In the above description, a gamma distribution and a Rayleigh distribution are used as examples of the N statistical distribution models. However, distributions constituting the N statistical distributions are not limited to these two distributions. For example, in a segment in which sound is included, a distribution, such as a Rayleigh distribution or a normal distribution, whose peak in the vicinity of zero is not high as compared with surrounding values may be used as one of the N statistical distribution models.
Furthermore, such an arrangement is also possible in which a Laplace distribution or a gamma distribution is used as the first statistical distribution model and a Rayleigh distribution or a normal distribution is used as the second statistical distribution model (four patterns).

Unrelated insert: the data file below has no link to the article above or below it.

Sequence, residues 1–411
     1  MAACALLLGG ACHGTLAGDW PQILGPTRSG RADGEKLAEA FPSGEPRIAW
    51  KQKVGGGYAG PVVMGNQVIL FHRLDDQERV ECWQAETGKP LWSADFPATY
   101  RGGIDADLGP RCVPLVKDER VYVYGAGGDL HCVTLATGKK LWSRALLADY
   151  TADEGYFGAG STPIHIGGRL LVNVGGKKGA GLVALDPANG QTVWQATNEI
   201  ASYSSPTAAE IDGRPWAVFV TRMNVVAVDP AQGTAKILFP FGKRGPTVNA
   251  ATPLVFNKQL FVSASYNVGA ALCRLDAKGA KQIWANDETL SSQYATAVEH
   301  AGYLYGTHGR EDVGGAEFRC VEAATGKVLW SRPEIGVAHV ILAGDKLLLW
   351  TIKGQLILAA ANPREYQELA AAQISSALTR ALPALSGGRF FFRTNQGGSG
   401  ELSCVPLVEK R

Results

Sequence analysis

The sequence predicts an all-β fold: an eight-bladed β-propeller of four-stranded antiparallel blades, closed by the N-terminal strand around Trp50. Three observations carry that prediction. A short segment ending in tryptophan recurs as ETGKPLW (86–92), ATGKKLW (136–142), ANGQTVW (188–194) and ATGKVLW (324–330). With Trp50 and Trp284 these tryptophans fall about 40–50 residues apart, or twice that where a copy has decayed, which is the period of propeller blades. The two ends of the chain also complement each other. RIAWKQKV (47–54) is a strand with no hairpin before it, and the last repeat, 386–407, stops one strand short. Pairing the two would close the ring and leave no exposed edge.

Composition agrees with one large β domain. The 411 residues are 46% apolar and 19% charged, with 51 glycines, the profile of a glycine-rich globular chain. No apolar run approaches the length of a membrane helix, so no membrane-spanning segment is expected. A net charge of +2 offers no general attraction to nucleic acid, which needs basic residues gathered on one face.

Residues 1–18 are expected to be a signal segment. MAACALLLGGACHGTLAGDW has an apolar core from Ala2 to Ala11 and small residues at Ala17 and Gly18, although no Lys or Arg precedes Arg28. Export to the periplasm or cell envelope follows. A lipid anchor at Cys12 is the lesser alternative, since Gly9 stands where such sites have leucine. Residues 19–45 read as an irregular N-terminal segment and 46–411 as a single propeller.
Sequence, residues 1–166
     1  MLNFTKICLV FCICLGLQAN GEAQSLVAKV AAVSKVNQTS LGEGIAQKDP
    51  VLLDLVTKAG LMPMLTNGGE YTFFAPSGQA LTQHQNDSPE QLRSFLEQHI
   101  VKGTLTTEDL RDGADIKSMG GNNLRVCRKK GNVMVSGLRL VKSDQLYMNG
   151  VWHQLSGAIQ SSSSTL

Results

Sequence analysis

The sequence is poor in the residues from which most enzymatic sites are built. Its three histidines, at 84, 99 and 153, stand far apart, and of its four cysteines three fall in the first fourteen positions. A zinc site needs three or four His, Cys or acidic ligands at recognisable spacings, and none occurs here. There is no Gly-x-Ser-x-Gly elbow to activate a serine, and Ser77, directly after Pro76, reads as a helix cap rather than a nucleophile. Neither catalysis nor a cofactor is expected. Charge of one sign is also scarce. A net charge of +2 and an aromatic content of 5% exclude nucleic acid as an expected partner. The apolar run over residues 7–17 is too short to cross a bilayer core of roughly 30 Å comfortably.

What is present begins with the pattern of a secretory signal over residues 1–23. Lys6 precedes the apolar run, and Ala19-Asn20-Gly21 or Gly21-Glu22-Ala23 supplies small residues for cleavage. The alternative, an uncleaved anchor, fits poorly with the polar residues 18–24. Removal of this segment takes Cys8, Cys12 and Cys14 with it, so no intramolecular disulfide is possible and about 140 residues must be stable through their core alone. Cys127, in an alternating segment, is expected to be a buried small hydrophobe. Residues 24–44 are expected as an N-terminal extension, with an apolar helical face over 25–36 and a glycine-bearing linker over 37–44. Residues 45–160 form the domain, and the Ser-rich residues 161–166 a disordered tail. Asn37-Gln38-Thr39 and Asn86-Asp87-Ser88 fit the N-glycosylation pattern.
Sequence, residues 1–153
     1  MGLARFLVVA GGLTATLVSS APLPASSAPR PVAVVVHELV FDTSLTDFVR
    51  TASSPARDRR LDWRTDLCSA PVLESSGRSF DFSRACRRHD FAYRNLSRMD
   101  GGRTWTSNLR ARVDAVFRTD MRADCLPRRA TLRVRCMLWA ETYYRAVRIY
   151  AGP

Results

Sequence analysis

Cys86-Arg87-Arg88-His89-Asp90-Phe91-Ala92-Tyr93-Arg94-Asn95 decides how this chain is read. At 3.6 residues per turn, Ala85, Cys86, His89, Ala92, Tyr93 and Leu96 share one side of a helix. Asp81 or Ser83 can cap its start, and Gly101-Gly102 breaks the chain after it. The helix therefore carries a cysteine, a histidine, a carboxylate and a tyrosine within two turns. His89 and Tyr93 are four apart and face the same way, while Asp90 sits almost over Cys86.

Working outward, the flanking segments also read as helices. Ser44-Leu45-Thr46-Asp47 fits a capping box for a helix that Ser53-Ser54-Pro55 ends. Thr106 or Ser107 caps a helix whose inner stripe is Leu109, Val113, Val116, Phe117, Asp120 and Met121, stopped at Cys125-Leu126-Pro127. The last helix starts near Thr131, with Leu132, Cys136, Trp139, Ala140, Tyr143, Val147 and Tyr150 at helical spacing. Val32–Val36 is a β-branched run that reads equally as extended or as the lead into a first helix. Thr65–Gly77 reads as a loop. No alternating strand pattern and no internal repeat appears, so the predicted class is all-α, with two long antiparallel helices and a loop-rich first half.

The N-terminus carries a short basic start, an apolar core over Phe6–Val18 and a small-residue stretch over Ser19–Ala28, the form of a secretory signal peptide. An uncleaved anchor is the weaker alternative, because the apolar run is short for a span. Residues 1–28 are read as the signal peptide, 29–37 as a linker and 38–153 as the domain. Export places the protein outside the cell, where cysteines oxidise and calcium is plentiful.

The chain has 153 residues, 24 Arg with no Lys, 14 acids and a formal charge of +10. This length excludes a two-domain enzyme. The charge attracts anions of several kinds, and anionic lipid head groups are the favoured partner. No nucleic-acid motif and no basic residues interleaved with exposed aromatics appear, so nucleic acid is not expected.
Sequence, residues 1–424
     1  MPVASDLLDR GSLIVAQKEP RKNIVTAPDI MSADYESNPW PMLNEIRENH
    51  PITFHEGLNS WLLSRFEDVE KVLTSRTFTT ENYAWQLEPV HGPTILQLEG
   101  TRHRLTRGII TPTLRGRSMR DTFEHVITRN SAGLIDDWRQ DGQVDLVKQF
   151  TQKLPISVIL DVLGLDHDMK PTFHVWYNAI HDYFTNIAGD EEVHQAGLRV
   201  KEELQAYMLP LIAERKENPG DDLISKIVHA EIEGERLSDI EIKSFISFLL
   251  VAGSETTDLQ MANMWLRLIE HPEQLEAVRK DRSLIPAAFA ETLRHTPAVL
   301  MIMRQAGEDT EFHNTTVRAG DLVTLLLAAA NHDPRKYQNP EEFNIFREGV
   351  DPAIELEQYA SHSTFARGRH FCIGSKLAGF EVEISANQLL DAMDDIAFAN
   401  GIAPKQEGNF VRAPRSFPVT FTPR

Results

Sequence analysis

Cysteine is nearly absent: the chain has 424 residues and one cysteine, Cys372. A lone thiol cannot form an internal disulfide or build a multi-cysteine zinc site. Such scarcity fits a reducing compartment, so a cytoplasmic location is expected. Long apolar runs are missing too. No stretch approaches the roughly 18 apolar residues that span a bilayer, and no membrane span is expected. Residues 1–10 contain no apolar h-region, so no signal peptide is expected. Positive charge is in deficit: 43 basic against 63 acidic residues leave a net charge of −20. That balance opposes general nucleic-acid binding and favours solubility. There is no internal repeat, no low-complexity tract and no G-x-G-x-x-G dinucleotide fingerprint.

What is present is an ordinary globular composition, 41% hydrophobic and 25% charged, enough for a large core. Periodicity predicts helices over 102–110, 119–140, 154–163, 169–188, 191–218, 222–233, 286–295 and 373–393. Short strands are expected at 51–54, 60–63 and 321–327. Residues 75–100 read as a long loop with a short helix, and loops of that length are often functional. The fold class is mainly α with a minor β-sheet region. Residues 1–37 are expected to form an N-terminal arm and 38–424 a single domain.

By thus selecting a statistical distribution that has a high approximation effect in a case where a noise segment is included and selecting a statistical distribution that has a high approximation effect in a case where a noise segment is not included, an optimum distribution shape can be formed according to the situation. This leads to an improvement in approximation accuracy.
Furthermore, a combination of statistical distribution models that constitute the N statistical distribution models may be different in two or more bands of the frequency spectrum.